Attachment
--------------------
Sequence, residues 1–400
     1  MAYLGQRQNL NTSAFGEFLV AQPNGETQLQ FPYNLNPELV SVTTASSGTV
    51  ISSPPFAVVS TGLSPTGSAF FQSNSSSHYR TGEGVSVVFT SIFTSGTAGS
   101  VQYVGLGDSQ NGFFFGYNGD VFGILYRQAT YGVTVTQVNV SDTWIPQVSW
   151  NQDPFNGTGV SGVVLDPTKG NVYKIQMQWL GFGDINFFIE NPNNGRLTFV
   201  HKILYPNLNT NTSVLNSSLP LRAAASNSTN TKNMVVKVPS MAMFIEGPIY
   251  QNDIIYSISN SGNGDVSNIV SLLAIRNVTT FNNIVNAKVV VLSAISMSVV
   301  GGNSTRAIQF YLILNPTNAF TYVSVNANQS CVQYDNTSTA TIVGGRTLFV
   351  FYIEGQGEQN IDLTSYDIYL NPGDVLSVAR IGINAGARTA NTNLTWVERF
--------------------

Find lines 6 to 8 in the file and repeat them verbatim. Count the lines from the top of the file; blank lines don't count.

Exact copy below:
   201  HKILYPNLNT NTSVLNSSLP LRAAASNSTN TKNMVVKVPS MAMFIEGPIY
   251  QNDIIYSISN SGNGDVSNIV SLLAIRNVTT FNNIVNAKVV VLSAISMSVV
   301  GGNSTRAIQF YLILNPTNAF TYVSVNANQS CVQYDNTSTA TIVGGRTLFV